SELMA, Ala. (AP) — She was a “little old lady” librarian who took on those who espoused hatred with a twinkle in her eyes.
Her name was Patricia Blalock and when she died six years ago at the age of 97, she had quietly demonstrated a verity in life that smiles have a way of overcoming anger.
That’s the way it was in Selma during the 1960s, when racial unrest and segregation made the town a pariah around the world.
Blalock was a trained social worker who wound up as director of the Selma-Dallas County Public Library, a woman who displayed the same quiet demeanor that won over dissenters by making them friends.
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“She was a visionary with endless energy, ingenuity and imagination,” recalls Library Director Becky Nichols. Nichols said her mentor was a strong-willed woman with a “tremendous social conscience” and it rubbed off on her.
“She was aware that Selma would have to face the segregation issue,” said Nichols, who assumed leadership of the library after years of emulating Blalock’s leadership abilities.
Selma’s library at the time was a private facility, and Blalock knew a change had to be made if the pain of the past would ever be replaced with a progressive outlook.
“She knew in her heart of hearts that the library had to be integrated,” said Nichols. “It eventually became a city-county library after she had blazed a needed new trail and not in a demonstrative way, either.”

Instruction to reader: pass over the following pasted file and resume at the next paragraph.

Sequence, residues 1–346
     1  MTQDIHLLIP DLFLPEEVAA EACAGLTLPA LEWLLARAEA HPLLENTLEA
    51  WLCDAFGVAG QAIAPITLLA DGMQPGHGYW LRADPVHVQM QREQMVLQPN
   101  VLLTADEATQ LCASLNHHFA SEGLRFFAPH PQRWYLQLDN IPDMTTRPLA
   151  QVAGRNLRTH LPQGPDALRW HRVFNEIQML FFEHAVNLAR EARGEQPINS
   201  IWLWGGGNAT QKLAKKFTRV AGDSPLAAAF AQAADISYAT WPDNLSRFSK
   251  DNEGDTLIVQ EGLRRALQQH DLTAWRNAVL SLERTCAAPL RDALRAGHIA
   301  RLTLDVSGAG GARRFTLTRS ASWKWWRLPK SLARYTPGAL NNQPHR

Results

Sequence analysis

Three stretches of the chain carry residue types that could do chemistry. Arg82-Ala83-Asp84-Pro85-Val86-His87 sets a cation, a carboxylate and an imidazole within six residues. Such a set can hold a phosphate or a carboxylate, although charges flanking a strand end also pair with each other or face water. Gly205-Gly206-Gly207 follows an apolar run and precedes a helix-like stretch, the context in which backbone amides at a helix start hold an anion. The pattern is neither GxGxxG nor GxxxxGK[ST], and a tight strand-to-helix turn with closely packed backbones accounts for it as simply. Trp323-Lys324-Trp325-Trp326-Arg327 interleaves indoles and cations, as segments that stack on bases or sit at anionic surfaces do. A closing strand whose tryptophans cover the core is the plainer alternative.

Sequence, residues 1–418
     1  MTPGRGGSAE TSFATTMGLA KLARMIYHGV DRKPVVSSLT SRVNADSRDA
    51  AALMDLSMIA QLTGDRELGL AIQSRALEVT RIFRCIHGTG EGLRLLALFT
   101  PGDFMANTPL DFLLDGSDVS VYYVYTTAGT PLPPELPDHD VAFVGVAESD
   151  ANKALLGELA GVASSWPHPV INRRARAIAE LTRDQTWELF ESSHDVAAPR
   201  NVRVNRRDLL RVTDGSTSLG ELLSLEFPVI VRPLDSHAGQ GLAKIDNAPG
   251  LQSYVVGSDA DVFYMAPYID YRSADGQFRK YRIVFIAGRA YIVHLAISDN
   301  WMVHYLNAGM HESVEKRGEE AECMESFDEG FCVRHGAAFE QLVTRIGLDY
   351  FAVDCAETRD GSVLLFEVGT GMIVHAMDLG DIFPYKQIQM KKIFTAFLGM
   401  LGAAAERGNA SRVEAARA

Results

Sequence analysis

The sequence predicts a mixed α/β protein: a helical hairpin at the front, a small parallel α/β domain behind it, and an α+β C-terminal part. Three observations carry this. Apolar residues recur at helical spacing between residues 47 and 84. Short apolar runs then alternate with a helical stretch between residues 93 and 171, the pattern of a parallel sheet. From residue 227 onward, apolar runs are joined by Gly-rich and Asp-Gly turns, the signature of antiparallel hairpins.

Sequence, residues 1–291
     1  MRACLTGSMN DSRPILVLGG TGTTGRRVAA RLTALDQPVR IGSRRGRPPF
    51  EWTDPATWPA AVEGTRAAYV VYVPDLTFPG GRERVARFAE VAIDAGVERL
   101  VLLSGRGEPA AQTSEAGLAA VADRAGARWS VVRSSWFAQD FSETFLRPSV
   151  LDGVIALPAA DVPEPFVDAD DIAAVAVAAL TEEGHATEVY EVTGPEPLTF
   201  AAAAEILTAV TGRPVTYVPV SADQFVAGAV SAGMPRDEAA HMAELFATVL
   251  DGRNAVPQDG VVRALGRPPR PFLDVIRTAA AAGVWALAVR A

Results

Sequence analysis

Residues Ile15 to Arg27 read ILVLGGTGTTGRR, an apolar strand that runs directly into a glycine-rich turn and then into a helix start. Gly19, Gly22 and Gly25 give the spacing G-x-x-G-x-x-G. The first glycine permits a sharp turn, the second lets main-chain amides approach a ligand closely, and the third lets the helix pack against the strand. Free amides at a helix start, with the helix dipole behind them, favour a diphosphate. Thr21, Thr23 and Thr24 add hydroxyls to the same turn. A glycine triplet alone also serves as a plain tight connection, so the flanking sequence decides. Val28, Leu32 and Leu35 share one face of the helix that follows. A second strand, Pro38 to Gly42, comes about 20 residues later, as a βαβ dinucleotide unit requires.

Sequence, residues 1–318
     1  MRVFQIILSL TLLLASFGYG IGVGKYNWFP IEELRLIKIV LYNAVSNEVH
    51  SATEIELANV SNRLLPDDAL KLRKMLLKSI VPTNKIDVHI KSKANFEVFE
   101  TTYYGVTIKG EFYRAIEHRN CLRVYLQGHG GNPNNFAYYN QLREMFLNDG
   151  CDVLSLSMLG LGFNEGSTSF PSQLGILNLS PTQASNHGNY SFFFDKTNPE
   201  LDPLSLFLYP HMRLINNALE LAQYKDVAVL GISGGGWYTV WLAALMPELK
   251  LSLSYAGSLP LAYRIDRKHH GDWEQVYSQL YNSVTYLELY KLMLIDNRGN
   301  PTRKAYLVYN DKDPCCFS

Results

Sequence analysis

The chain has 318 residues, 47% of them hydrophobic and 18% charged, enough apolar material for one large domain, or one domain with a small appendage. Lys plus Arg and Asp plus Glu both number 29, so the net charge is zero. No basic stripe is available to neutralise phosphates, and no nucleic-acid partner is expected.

Blalock never sought fame or fortune but her civil rights efforts have been duly noted by way of a posthumous induction into the Alabama Social Work Hall of Fame. A few days ago she joined four other 2017 inductees at the NorthRiver Yacht Club in Tuscaloosa where memories of her determined civil rights efforts were saluted.
She managed the library at a time when much of Selma was segregated and she pressed on to integrate the library. It was a bold successful undertaking. Selma’s black residents did not have access to the library in those days, but Blalock quietly, determinedly opened it all to those who wanted to use it.
“Throughout the tumultuous decades of civil unrest in Selma, she maintained the library as a place of welcome for both races, developing programs to meet the needs of Selma’s diverse population,” said University of Alabama Associate professor emerita of social work Thelma Vaughan Mueller.
Her unexpected foray into a library career started in 1946 after she retired as a social worker and launched her peaceful integration campaign just prior to congressional passage of the Civil Rights Act followed a year later by the Voting Rights Act.
Watching, listening and learning from her was Nichols, who idolized Blalock during her early years at the library.
“She was like another mother for me, but, most of all, she was a tremendous mentor,” she said. “Our relationship stemmed from doing the same things.”
As the years passed and Blalock slowed to the point that retirement was just around the corner, she focused her attention on enticing Nichols to succeed her. Blalock had become such a fixture as a “double” professional that some got them confused.
“I was unaware of the award at first,” said Nichols, referring to her mentor’s excellence in the field of social work before she ever became director of a library.
Patricia Blalock died at her Jefferson County home on Sept. 7, 2011.
Other inductees in the Alabama Social Work Hall of Fame were Thomas F. Cook, Joyce Parrish O’Neal, Joanne Jeffries Terrell and Catherine “Kate” Ball.